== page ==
There are provisions in the budget and in a similar bill moving through the state legislature to address some of the longstanding concerns about the TK model by making improvements to program quality. For example, proposals include support for curricula reform, lowering adult to child ratios to those that are more appropriate for four-year-olds (they have been as high as 1:24 in some TK classrooms) and support for well-trained teachers.
But there is also concern in the state about unintended consequences of moving four-year-olds into the public school system. Head Start California wants funding to be allocated more evenly across all of the state’s mixed delivery system, which provides more flexibility for families. More than 50 organizations including First 5 and the state’s teachers’ unions signed on to a letter to state legislators this month asking for a $50 million appropriation in the state budget for grants to ensure local Head Start programs can continue to reach more children as TK expands.
Community-based providers are concerned about losing four-year-olds to the school system, which some fear will be too focused on meeting academic benchmarks instead of providing, for example, play-based, developmentally appropriate instruction and support services. Others are asking how families will get care they need in the summer months or in the afterschool or evening hours when many parents have to work.
Still others are raising questions about how to make sure the early childhood expertise that exists in the state is brought into TK classrooms, through coursework requirements or alternative credentialing. TK teachers are currently required to have a bachelor’s degree and some coursework or training in child development.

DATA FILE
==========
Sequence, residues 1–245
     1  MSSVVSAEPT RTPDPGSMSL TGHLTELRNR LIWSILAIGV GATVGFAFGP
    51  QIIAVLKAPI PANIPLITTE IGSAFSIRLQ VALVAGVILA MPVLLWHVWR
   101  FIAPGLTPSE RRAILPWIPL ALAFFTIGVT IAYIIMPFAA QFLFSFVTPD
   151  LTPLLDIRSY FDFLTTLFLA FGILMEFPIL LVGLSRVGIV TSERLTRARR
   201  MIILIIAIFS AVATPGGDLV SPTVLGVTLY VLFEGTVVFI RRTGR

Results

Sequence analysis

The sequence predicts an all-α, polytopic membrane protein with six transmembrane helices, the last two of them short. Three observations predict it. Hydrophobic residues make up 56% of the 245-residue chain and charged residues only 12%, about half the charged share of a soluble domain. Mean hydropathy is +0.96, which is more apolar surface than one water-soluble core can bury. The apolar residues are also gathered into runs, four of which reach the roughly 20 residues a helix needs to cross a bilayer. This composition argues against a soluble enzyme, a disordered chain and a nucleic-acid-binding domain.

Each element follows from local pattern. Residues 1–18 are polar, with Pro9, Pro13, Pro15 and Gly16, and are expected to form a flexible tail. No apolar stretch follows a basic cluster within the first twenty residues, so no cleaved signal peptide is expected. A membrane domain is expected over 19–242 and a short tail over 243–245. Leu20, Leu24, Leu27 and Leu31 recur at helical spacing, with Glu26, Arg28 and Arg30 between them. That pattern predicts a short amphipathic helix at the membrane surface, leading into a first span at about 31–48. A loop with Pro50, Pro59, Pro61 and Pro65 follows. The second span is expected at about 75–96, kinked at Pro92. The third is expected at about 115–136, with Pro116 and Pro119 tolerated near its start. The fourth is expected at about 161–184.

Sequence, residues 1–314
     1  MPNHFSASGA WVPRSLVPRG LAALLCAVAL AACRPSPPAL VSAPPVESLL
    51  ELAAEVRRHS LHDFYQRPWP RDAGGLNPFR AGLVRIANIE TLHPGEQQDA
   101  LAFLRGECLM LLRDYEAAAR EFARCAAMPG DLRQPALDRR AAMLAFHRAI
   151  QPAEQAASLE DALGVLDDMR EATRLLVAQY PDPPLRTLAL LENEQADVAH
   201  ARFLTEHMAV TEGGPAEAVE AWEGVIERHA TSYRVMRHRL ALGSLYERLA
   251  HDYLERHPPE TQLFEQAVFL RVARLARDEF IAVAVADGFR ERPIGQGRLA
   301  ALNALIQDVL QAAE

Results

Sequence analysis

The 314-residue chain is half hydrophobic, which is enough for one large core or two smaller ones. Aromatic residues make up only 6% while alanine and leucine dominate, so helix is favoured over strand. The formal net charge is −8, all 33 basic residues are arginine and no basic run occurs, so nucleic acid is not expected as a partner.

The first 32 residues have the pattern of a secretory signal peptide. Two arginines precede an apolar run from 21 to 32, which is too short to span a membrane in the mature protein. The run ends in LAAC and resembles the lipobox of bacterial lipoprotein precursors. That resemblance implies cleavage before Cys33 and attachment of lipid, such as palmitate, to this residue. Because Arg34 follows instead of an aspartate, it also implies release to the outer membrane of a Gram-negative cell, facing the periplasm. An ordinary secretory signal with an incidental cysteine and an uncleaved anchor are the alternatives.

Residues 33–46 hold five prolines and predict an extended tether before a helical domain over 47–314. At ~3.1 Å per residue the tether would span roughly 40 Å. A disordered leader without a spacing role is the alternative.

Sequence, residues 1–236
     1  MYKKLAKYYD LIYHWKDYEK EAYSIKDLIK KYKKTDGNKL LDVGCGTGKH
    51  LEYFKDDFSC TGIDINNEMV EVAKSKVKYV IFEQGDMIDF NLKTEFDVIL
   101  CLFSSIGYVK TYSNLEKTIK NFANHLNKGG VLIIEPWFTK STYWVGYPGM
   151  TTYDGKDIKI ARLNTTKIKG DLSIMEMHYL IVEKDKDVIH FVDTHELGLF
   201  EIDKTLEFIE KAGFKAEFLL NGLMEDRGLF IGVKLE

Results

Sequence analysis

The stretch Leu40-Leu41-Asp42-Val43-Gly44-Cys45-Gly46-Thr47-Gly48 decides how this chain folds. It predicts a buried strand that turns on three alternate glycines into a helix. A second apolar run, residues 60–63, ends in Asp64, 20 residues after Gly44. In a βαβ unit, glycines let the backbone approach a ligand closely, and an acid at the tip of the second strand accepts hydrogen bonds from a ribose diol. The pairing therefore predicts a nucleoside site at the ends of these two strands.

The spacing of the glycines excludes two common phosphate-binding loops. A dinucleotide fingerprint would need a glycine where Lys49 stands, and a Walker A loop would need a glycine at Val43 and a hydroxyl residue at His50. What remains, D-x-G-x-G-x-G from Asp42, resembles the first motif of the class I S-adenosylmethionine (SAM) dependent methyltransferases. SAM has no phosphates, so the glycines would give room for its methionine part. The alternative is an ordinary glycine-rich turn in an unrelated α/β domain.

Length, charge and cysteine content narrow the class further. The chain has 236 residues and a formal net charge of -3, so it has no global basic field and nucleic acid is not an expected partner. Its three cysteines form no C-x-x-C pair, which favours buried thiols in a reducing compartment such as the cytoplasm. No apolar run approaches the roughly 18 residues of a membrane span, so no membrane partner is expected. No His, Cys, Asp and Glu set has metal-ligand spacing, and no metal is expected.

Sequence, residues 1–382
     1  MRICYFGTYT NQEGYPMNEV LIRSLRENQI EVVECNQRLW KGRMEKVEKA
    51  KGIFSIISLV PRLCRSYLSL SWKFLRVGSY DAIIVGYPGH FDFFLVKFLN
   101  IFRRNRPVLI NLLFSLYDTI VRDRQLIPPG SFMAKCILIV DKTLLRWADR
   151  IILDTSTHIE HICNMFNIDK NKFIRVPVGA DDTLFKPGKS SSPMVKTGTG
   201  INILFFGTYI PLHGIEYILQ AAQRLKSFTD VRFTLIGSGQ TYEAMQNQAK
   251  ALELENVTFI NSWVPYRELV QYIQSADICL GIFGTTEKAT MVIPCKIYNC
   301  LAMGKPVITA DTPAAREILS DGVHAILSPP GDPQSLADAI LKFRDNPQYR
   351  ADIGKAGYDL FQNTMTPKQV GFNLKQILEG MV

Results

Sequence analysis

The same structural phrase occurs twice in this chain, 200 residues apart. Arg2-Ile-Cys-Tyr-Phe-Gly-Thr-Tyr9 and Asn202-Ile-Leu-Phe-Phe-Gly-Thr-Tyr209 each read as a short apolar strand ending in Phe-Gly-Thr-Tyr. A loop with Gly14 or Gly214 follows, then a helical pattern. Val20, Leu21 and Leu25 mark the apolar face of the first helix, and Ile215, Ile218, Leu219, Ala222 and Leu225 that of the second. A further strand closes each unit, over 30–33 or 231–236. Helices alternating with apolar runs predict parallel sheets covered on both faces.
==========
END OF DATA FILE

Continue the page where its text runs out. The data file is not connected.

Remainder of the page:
And still others called for the same level of attention and investment to the rest of the state’s infrastructure for early learning and care. California’s mixed delivery system is really important to maintain and to properly resource, said Kym Johnson, the executive director of Bananas, a child care resource and referral agency in Oakland. Johnson emphasized that families and communities in California have very diverse needs. She’s concerned that policymakers have not paid close enough attention to how this change will be implemented on the ground in ways that meet the needs of the state’s families and communities.
Research shows that when states enact universal pre-K programs that are only offered in public schools, like TK, it can have a negative impact on the financial stability of community-based providers, who often rely on serving mixed ages of children to stay financially viable. Some models like the program passed last year in Multnomah County, Oregon have included extra support to strengthen infant and toddler programs in order to mitigate any unintended consequences on the whole system.
“Universal pre-K is a really good thing,” Johnson said, “and it especially looks good from a 30,000 foot level. What we have to be careful of is that we don’t paint the early care and education system with one big broad brush.”